Brazil’s comprehensive data protection law, the Lei Geral de Proteção de Dados (LGPD) became enforceable on August 1, 2021—nearly a decade after the bill was first published in 2012.
The LGPD places some strict rules on organisations operating in Brazil, and the country’s data protection authority, the Autoridade Nacional de Proteção de Dados (ANPD) can impose substantial fines and other penalties against companies who violate the law.
On 29 October 2021, the ANPD published its first set of LGPD regulations, which set out how the authority will inspect and sanction organisations suspected of infringing the LGPD.
This article will take a deep dive into these regulations. If you’re operating in Brazil, this will give you an insight into how the ANPD treats enforcement and what you can expect if you’re accused of violating the LGPD.
About the ANPD
The ANPD was created by the enactment of Article 55-A of the LGPD and is governed by a set of internal regulations, Ordinance No. 1 of March 8, 2021. The ANPD consists of several bodies:
- Board of Directors
- National Council for the Protection of Personal Data and Privacy (an advisory body)
- Bodies of “direct and immediate assistance to the Board of Directors”:
- General Secretariat
- General Administration Coordination
- General Coordination of Institutional and International Relations
- Sectional bodies:
- Internal Affairs
- Legal Advice
- Specialised bodies:
- General Standardisation Coordination
- General Inspection Coordination
- General Coordination of Technology and Research
Article 55-J of the LGPD sets out the ANPD’s tasks, which include, among other activities:
- Ensuring the protection of personal data
- Ensuring the observance of commercial and industrial secrets
- Developing guidelines on data protection and privacy
- Monitoring and applying sanctions for non-compliant data processing activity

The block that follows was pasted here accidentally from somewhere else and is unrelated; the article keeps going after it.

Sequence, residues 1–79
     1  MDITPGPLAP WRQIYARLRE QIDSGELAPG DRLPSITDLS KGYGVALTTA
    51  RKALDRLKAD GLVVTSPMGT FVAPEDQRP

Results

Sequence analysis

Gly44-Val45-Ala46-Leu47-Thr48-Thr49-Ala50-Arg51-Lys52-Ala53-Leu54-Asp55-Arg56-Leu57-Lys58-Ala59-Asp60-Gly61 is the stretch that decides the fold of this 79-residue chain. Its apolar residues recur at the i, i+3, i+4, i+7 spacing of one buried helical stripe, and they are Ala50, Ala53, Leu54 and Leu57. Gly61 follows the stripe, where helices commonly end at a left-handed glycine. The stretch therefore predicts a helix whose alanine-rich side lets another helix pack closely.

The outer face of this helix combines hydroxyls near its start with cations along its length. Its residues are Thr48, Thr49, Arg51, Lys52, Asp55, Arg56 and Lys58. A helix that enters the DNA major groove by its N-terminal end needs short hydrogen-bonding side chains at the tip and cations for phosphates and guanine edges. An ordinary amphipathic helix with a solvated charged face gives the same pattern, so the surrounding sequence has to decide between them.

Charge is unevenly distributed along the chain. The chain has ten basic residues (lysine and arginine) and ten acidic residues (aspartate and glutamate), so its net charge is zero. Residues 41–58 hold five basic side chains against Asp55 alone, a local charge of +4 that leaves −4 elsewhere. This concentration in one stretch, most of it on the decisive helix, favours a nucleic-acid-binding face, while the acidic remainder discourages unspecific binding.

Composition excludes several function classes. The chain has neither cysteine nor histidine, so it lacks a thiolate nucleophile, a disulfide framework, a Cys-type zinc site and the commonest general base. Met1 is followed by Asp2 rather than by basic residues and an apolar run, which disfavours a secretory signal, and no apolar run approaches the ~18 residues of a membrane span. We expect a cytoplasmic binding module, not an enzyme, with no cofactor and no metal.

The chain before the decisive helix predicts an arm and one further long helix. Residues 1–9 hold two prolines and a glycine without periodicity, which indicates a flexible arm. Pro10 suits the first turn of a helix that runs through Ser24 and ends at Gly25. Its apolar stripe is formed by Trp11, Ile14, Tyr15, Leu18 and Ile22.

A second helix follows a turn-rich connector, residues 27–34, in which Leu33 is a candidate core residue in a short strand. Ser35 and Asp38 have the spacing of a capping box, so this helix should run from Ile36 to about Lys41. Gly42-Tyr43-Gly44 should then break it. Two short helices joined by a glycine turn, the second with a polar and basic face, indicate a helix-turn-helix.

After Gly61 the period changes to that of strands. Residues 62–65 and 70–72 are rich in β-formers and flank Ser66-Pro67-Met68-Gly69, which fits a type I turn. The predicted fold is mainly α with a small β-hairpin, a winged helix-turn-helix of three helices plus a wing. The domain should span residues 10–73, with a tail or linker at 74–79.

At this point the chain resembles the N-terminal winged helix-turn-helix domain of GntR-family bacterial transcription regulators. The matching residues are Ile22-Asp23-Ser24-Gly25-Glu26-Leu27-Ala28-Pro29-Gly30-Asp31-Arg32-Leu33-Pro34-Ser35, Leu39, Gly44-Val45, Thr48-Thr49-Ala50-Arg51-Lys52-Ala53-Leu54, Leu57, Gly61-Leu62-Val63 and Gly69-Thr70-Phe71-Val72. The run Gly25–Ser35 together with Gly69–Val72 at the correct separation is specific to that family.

- Handling data subject complaints
- Promoting knowledge of data protection and security among the general population
- Developing and promoting studies on national and international practices for the protection of personal data and privacy
- Stimulating the development of standards for products and services that enable data subjects to have greater control over their personal data
- Promoting international cooperation with other data protection authorities
Penalties Under the LGPD
Before we look at what’s revealed in the inspections and sanctions regulations, here’s a reminder of the sanctions available under Article 52 of the LGPD:
- A warning, together with a deadline for applying corrective measures
- A fine of up to 2% of an organisation’s gross revenue in Brazil for the previous financial year, up to a maximum of 50 million BRL per violation (approximately 8.8 million USD)
- A daily fine of the same maximum amounts identified above
- Publication of the details of the violation
- Blocking of the relevant personal data until the violation is rectified
- Deletion of the relevant personal data
- Partial suspension of the controller or processor’s database for up to six months until the violation is rectified (extendable for the same period)
- Suspension of processing for up to six months until the violation is rectified (extendable for the same period)
- Partial or total suspension of activities related to data processing
Overview of the Inspection and Sanctions Regulations
The full name of the inspections and sanction regulations is Regulation CD/ANPD No. 1. The regulations follow from the power granted to the ANPD by Article 55 (J) (IV) of the LGPD: to monitor and apply sanctions for non-compliant data processing.
The regulations refer throughout to “agentes de tratamento” (processing agents), meaning people and organisations covered by the LGPD, which includes both controllers and processors. Processors can be directly subject to enforcement activity under certain conditions.
The regulations cover the following topics:
The duties of processing agents when subject to an inspection by the ANPD
- Procedural provisions, including the details around deadlines and communications methods
- The “interested parties” involved in the inspections and sanctions processes
- The various monitoring, prevention, and enforcement activities available to the ANPD
- The process for handling complaints
- The issuing of “compliance plans” to non-compliant regulated agencies
- The sanctioning process
- The appeals process
Duties of Processing Agents
Article 5 of the regulations explains that processing agents subject to an ANPD inspection must:
- Provide copies of relevant documents within a deadline and in a place and format specified by the ANPD
- Allow the ANPD access to facilities, equipment, applications, systems, tools, resources, data and information
- Provide the ANPD with information about data processing systems
- Submit to audits
- Keep documents, data and information for the period specified in legislation, and for as long as necessary for the administrative process